UC: Do you have plans for expanding your teaching? What goals do you have for the next year (if any)?
Angela: I do have plans to expand my teaching. My goal for the next year is to get my website finished and to figure out a way to reach and teach teens and young adults. I love teaching that demographic how to knit-to-fit and how to enjoy some freedom with their own fashion sense through knitting. Plus, I see them having such a great interest in the whole DIY movement. While I can’t quite imagine the Jersey Shore girls participating in a Sheep-To-Sweater contest, I do think that many of the new generation of knitters are very adventurous and will not be content to only knit cookie cutter projects from commercial yarn. I am also interested in teaching in more non-traditional settings. There are so many possibilities.
UC: You are CYC certified. What would you say about CYC certification (pro or con) to someone deciding if they should get certified?
Angela: I found the CYCA certification very helpful for several reasons. The instruction is geared toward helping us understand different teaching and learning styles, how to adapt our teaching in a variety of settings, and to the nuts and bolts of lesson planning and professionalism. The notebook and samples required in the course are a handy reference tool for teaching. The completion of the course and having the credential gave me the confidence to move from teaching private lessons and yarn shop classes to teaching at fiber festivals and conferences. There are so many resources to help us become more skilled knitters, but this is the one resource that I have found that is specifically designed to help us become good knitting teachers.
Angela: I love teaching beginners! There is just something so exciting about helping someone learn to knit and then watching them take the ball and run with it. My First Sock is a great class too because knitting a sock is kind of a rite of passage for beginning knitters.
UC: What are you hoping no one will ask to learn? 🙂
Angela: Hmmm. I can’t think of anything that I hope that no one will ask me to teach them. If we have the time, comfortable chairs, good lighting, and the right materials, I will give just about anything a go. Oh, except for nupps! I knit continental (German) style, and trying to teach nupps to throwers (English) style knitters will be the death of me. I just can’t get my own head and hands around how to do that without “picking.”
UC: Is there anything else you’d like to add?
Angela: I love being with or being in touch with other knitting teachers. It is kind of like being in a great international sorority. Anyone who teaches someone else to knit is already a teacher. And there is so much room for all of us to be as ambitious – or not – as we like.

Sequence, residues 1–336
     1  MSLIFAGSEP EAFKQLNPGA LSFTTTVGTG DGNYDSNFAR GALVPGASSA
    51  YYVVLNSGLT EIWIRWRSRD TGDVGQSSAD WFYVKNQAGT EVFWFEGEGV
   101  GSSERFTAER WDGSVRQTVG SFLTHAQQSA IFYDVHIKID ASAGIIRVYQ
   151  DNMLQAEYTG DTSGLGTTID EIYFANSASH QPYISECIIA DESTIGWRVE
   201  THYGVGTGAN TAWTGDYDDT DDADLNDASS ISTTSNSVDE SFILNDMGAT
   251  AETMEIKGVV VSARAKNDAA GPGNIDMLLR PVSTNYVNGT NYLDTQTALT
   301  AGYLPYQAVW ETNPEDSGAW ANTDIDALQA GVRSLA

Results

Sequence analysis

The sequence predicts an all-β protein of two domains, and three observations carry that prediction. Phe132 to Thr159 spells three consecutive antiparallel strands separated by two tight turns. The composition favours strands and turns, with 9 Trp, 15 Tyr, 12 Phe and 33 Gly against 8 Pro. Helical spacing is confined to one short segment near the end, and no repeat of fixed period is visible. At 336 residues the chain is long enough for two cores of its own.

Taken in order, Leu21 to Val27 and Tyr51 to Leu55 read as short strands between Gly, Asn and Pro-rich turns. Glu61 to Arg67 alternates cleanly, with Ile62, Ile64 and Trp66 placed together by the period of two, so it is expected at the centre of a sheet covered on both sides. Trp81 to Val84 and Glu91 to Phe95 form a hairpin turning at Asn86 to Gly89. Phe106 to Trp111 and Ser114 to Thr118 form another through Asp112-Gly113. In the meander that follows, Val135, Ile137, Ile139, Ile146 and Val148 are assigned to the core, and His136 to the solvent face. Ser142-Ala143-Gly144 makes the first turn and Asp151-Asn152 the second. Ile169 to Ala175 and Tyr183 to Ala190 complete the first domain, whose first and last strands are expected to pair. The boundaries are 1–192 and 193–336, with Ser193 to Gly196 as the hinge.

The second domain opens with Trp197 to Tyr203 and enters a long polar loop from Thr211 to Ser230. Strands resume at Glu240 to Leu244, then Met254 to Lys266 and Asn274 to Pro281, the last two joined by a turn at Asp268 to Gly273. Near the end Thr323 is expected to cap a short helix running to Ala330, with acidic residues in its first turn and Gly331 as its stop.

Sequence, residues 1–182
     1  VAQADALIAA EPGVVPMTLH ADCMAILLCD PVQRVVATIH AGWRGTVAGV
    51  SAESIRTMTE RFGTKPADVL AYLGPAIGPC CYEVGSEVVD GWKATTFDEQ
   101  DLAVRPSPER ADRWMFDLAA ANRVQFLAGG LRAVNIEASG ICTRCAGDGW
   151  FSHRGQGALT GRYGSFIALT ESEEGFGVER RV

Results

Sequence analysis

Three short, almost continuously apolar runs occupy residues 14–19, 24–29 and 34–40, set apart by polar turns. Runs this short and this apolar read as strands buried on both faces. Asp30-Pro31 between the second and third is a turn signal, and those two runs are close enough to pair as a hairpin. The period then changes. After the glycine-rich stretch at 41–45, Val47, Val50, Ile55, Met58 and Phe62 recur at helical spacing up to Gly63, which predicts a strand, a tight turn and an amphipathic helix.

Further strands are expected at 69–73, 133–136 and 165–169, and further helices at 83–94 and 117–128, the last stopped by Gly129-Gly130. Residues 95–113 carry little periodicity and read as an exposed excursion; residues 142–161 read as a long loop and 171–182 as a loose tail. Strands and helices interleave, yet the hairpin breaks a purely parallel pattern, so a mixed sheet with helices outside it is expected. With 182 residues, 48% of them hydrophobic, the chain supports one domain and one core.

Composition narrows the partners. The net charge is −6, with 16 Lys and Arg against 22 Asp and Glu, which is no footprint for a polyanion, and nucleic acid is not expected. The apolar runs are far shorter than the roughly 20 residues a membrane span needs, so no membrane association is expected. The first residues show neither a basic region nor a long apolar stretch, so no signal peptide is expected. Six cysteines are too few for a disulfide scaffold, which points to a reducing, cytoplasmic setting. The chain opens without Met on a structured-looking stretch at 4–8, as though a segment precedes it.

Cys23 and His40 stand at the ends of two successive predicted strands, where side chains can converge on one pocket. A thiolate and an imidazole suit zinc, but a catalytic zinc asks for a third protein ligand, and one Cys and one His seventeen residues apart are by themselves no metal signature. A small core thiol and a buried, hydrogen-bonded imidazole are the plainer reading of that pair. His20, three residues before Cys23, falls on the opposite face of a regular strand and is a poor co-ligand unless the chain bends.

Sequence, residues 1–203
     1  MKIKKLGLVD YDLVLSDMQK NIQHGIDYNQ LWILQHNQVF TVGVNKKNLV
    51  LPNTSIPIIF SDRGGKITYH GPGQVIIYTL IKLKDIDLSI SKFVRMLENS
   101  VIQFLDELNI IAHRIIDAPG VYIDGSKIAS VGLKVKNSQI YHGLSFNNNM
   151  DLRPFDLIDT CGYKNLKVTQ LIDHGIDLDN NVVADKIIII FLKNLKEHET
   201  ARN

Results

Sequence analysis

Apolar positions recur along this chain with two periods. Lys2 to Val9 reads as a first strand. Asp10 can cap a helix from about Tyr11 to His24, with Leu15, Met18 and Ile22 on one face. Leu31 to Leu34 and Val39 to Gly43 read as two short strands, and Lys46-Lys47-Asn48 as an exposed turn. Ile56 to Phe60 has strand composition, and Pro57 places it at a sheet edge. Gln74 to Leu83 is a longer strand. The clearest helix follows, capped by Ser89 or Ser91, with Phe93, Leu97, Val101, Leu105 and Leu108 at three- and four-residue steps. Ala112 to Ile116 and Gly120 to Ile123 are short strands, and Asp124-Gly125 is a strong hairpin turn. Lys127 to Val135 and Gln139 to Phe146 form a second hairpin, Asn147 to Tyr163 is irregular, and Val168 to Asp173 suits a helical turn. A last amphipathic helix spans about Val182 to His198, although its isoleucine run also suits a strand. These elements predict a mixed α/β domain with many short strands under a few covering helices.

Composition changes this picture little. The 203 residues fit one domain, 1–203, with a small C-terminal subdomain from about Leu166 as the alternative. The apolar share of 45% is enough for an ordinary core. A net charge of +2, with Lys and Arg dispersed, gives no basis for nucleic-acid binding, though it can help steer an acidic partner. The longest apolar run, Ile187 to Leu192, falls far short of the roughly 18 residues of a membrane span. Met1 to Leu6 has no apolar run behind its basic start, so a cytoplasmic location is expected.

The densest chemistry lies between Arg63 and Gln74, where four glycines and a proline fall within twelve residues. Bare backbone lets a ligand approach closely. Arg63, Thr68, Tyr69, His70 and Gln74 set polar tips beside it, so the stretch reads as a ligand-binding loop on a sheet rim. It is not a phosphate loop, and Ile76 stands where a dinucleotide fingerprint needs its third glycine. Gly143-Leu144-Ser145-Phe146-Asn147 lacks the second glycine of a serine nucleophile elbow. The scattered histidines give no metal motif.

My first victim, er, I mean interviewee is Vanessa from Mixed Martial Arts and Crafts. We are in a group together on Ravelry and that is how I learned about her blog. If you haven’t already checked out Vanessa’s blog, do it now! – it’s downright awesome. Plus, she takes really good pictures (something I aspire to do one day also). Thanks to Vanessa for being brave enough to be my first interviewee, even though she is relatively new to teaching crochet.
UC: What inspired you to teach crochet?
Vanessa: Lack of funds! There was a knitting cafe near me that needed a new crochet teacher since the last one quit so I agreed to do it since I was the only person the owner knew that could crochet. I thought it would be fun so I agreed.
(UC comment: Wow, that’s awesome. You were recruited!)
UC: Has teaching crochet had an impact on your own personal crafting? If so, how?
Vanessa: Teaching has made me really think about what a pattern says to do and why you need to do it that way.
(UC comment: I am a self-taught pattern reader, and teaching was what inspired me to become a designer. After helping students through some really badly written patterns, I was determined to write instructions as clearly as possible.)
UC: Do you have plans to expand your crochet teaching? What do you want to work on in the next year?
Vanessa: I’ve only taught two classes but the cafe I was working through closed. So I suppose that I’m looking forward to having more students and those who really want to learn! The students I had didn’t return and didn’t want to practice.
UC: What are you hoping no one will ask to learn :)?
Vanessa: I’m hoping that no one asks how to do filet crochet, because honestly, I have no idea how to do it. I’ve never tried. I would like to try my hand at teaching a beginner knitting class since I really prefer knitting over crochet.
(UC comment: This a perfect segue to tomorrow’s post, an interview with West Coast knitting teacher, Angela Davis.)